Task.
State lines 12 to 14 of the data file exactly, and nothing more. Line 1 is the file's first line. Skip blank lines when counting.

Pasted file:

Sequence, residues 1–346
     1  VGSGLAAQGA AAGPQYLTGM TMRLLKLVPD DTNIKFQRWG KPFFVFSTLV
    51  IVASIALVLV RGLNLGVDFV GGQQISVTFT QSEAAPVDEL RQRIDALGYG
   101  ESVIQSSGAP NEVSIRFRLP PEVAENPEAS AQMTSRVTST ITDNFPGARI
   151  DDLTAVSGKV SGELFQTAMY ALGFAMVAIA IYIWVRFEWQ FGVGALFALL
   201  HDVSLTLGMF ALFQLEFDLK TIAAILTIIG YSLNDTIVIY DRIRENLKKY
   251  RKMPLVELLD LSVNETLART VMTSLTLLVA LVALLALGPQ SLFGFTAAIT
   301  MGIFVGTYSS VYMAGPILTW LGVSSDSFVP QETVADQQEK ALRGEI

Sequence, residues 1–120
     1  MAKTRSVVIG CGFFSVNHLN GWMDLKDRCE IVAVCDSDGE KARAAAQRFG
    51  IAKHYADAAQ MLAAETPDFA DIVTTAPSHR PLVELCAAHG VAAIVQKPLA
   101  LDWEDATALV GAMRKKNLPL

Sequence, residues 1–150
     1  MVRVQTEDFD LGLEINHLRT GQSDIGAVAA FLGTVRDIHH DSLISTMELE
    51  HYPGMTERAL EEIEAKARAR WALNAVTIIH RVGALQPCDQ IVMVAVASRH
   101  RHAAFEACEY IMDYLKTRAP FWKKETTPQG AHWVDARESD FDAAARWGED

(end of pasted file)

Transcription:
   101  LDWEDATALV GAMRKKNLPL

Sequence, residues 1–150
     1  MVRVQTEDFD LGLEINHLRT GQSDIGAVAA FLGTVRDIHH DSLISTMELE